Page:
Iraq’s central government opposes independence, as does Iran. Turkey – which has excellent relations with Iraq’s Kurds – is unlikely to warm to the idea now that it is embroiled in conflict with its own Kurds and those of Syria.
Moreover, the United States is still wedded to the idea of a unified Iraq, and won’t endorse Kurdish independence, as the White House has made clear to Barzani.
The Kurdish leader says he will consult with the neighbors, and with Baghdad. “Independence would be based on talks and dialogue and negotiations with others,” he said.
As for Washington, he adds, “If the U.S. will not be against us, will not oppose it, we will be very grateful.”
Despite these obstacles, the referendum idea should focus attention on the failure of the current forms of Iraqi and Syrian statehood.
“I think it will be very difficult to have a united Syria again,” Barzani says. “A new form of federation or confederation is possible,” he suggests, given the multisectarian nature of the country. Otherwise, “after all that bloodshed it’s not possible to heal the wounds there.”
Barzani believes that Russian intervention in Syria, particularly in the war against the Islamic State, could be in the interest of the Kurds when considering the need for stability.
“A few days ago,” he says, “there was a statement from Moscow that federalism is a good solution for Syria and I believe this is a good statement.” But, he hastened to add, “it is for the Syrian people to decide.”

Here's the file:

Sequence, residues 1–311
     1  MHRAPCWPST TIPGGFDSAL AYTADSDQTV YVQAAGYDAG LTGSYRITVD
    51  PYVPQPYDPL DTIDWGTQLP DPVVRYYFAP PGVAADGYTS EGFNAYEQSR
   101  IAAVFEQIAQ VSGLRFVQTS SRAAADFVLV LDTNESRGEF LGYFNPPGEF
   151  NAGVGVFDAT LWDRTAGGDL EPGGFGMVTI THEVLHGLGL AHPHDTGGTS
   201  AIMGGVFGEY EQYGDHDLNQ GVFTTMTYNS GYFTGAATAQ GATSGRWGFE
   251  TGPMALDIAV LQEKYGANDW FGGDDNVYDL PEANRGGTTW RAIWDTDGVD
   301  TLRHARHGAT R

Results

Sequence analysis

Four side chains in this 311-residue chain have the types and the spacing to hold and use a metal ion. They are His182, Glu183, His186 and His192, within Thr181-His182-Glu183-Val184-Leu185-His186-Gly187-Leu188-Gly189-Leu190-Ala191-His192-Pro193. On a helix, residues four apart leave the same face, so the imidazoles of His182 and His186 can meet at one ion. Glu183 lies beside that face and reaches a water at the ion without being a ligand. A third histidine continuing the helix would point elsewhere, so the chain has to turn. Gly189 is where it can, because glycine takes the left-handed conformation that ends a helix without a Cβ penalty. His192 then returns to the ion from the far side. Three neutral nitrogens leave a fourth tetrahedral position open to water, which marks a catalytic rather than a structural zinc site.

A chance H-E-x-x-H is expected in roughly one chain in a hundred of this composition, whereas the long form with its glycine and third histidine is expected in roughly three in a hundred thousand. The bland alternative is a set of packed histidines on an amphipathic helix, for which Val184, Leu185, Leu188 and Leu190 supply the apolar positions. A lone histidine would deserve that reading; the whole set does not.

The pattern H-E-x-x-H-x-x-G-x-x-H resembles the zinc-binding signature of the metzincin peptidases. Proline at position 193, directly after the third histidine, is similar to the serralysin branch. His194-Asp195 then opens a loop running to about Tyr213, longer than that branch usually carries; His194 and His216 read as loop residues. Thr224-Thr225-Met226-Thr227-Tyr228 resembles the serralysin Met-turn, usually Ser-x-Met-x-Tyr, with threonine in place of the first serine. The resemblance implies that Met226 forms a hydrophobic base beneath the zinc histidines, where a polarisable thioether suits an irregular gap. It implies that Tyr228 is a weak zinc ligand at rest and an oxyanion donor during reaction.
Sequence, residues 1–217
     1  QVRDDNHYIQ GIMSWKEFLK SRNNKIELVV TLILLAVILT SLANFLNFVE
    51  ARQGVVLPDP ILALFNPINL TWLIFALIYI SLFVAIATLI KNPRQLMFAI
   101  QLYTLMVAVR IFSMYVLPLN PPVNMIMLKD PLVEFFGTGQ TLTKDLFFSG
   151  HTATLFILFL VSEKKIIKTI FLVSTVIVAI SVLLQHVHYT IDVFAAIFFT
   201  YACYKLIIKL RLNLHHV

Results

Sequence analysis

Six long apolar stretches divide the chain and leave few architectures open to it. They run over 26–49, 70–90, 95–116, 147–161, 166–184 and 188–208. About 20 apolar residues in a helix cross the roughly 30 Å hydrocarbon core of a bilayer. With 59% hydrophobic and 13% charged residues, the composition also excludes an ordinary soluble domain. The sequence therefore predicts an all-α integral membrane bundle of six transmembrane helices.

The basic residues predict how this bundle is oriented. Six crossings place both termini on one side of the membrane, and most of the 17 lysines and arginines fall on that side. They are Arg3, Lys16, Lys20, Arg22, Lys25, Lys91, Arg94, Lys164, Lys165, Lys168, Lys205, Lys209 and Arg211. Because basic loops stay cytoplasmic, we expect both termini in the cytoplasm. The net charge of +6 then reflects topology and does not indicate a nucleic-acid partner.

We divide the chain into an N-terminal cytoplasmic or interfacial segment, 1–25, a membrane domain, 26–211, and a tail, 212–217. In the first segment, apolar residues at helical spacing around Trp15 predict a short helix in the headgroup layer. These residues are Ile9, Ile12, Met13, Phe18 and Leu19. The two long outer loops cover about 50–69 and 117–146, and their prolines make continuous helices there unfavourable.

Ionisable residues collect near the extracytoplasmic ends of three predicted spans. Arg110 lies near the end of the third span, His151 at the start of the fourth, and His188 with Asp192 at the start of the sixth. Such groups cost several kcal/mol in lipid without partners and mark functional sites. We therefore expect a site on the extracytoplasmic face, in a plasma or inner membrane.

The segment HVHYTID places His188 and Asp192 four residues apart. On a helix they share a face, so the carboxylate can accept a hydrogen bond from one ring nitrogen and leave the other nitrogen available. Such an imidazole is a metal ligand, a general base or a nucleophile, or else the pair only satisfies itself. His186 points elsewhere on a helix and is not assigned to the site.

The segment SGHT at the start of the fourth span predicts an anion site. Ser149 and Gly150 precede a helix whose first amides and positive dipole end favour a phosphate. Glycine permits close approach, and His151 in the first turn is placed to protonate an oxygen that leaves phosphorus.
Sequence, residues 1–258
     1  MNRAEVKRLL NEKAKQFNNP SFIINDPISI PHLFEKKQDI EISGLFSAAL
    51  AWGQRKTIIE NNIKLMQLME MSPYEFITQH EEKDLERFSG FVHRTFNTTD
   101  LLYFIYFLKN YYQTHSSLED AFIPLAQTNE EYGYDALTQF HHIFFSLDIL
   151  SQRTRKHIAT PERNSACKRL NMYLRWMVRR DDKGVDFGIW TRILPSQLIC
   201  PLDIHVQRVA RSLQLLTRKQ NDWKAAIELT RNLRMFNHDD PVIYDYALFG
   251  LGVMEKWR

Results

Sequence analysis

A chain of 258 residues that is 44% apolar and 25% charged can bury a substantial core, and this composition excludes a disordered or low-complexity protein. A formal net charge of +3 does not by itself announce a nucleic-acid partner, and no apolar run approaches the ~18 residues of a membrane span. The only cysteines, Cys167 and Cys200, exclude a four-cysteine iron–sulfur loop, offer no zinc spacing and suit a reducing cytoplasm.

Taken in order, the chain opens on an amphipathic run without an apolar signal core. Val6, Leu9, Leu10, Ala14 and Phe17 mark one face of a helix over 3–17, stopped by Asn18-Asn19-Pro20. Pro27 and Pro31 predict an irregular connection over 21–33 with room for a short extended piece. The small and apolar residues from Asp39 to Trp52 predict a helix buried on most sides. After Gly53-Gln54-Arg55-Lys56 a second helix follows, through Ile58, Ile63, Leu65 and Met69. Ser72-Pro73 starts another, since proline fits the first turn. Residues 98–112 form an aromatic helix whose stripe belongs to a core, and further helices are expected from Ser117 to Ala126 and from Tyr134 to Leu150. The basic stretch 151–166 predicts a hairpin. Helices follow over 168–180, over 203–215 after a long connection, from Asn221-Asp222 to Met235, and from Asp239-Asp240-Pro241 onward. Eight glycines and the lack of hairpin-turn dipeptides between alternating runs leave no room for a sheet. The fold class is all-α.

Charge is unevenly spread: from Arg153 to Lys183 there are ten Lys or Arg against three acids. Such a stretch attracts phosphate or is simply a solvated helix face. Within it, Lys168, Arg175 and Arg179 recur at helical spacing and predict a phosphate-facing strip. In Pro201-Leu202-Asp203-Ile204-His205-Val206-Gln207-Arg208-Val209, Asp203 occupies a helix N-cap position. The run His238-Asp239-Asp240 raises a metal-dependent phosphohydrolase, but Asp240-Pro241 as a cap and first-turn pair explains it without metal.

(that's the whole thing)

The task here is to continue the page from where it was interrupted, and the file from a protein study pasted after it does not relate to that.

Would a federal state that gave Sunnis their own autonomous area similar to Kurdistan – a sort of Sunnistan – enable the Iraqi state to survive?
“A Sunnistan is one of the possibilities,” Barzani said. Then, only half joking, he added, “On the ground we already have that. It is called Da’esh-istan,” using an Arabic name for the Islamic State. “Da’esh eroded all the borders between Syria and Iraq.”
As for the Kurds, Barzani insisted that the current federation between Iraqi Arabs and Kurdistan had “failed openly. If it had succeeded, our plans for a referendum might not be on the table.”
“Our people must decide (if confederation is possible), but the current status is not possible,” he said. “We can’t go on like this forever.”
Unlike a federal system – with one central government, as we have in the United States – a confederation means a loose link between two independent states.
Ideally, Barzani’s referendum – no matter how it turns out – should prod Iraq’s neighbors and the West into some new thinking.
For one thing, Washington should back Barzani’s ideas on confederation, a format that might hold Iraq (barely) together.
For another, the West should consider his suggestion of “an international conference with the major powers and regional powers to reach a new understanding and consensus . and to channel this into a broader new order in the area” that might be more stable.
A pipe dream? Perhaps.
But new state structures may be the only way to stanch the region’s sectarian bloodletting. As Barzani notes, the old maps are already obsolete.
Trudy Rubin is a columnist the Philadelphia Inquirer.